This is bad enough, but it is just the tip of the iceberg. Dineen goes on to discuss the immense damage caused by Recovered Memory Therapy, which led many ordinary people to believe, falsely, that they had been sexually abused as children. She also exposes the cultish nature of the twelve-step program, which presents itself as a single cure-all for every problem imaginable. Dineen is not the first to point these things out, but it is a message that bears repeating.
Therapists tend to dismiss these stories as extreme cases. Unfortunately, however, they are not unusual. Dineen shows that abuse is endemic in even the most well-respected and highly regulated sectors of the therapy industry. Neither is such malpractice restricted to the US; it is rampant in the UK too. The problem is not just an accident of history; its roots lie buried in the very idea of therapy itself.
Therapy is based on the idea that there are "experts in living". It is this idea that must be chal lenged. Therapists have assumed the position formerly occupied by gurus and priests, pretending they have access to the secret of health and happiness. It is high time, Dineen argues, that we called their bluff, and regained confidence in our own capacity for self-direction. Dialogue and advice can certainly help us, but these can usually be provided just as well, or better, by friends and family.
To support this project of "taking back our private lives" from the hands of the therapy industry, Dineen recommends the following salutary measures: stop state funding for psychotherapy, disallow psychologists from testifying in court as expert witnesses, and hold therapists legally responsible for any damage they cause. Unfortunately, even such drastic measures as these will not rid our society of the therapy plague. There will always be gullible people, and there will always be plenty of quacks, "healers" and New Age frauds to exploit them. Ultimately, of course, we all have the right to waste our money on such rubbish if we want to, but we should at least know that that is what we are doing. This is why we must insist on strict standards in the advertising of psychological services.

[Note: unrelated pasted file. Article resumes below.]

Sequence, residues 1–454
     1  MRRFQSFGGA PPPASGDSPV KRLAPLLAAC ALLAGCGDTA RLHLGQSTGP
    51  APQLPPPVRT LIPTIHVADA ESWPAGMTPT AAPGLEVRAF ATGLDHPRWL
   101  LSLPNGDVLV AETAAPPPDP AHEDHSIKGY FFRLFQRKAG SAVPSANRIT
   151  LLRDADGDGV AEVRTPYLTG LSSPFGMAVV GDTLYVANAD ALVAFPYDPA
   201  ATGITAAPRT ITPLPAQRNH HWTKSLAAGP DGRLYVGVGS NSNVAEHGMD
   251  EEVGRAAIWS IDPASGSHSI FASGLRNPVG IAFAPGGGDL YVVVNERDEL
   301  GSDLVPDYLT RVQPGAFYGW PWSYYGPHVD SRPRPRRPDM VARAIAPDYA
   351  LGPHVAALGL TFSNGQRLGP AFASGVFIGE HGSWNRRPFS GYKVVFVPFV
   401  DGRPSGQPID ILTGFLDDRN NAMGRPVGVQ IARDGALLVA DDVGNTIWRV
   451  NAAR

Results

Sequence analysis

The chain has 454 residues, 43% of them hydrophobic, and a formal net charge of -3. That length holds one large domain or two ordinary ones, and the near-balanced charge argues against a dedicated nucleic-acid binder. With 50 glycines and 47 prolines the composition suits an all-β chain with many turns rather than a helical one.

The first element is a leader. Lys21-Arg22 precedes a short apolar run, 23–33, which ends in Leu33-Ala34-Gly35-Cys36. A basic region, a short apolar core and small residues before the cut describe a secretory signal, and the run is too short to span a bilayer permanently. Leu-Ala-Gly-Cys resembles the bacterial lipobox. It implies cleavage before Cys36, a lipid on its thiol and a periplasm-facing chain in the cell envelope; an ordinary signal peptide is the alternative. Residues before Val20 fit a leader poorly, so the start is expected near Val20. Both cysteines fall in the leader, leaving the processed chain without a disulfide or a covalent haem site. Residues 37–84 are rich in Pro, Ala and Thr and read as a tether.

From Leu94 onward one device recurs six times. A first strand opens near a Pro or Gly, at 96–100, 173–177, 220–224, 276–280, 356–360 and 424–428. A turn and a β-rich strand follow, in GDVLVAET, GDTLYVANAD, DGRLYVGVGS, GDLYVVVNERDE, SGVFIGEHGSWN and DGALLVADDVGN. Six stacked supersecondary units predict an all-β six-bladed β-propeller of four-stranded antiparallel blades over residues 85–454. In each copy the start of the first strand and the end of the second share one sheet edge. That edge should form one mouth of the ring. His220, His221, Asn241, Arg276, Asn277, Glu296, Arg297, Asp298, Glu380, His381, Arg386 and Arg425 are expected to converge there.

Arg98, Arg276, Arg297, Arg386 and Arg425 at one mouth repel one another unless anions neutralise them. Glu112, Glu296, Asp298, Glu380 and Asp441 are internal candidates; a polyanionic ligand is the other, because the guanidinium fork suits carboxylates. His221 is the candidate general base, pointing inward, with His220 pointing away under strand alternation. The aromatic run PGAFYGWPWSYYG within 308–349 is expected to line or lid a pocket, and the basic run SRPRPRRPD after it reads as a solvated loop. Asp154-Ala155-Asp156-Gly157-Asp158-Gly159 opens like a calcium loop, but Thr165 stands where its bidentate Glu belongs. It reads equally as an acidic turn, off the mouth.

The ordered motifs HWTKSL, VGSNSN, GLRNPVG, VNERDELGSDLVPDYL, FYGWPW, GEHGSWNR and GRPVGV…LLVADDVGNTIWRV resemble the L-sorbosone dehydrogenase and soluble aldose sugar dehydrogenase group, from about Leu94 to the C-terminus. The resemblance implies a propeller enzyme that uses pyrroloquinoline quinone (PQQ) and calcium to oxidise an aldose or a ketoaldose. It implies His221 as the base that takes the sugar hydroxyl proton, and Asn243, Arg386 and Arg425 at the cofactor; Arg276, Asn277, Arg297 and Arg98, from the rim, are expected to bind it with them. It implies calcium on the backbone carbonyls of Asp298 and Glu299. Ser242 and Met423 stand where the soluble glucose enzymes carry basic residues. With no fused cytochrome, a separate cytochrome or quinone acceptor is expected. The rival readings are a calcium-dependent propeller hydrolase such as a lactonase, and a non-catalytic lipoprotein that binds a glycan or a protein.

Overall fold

To judge by the reception accorded to it when it was first published in the US, the UK edi tion of Tanna Dineen's book will be dismissed by therapists here as the ravings of a bitter woman. There are too many careers at stake for the therapy industry to welcome such a probing critique. However, there is a chance that it will be taken seriously by those without so much to lose. It should be read by anyone interested in therapy, especially by those who are thinking of trying psychotherapy, and those who are thinking of training as therapists. At the very least, it might save them a lot of time and money.
The book is not brilliantly written, and it is cluttered with unhelpful and uninformative jargon. However, this should not be allowed to detract from what is an extremely important and timely message; the therapy industry is big business, and - like all big business - it is more interested in profit than helping its clients. One might question Dineen's motives in choosing to couch this message in such melodramatic language; perhaps writing books against therapy is becoming big business too! Nevertheless, the message itself is sound. Whether or not people will listen to it is another matter.


by Dylan Evans is the author of Introducing Evolutionary Psychology , which will be published by Icon in October.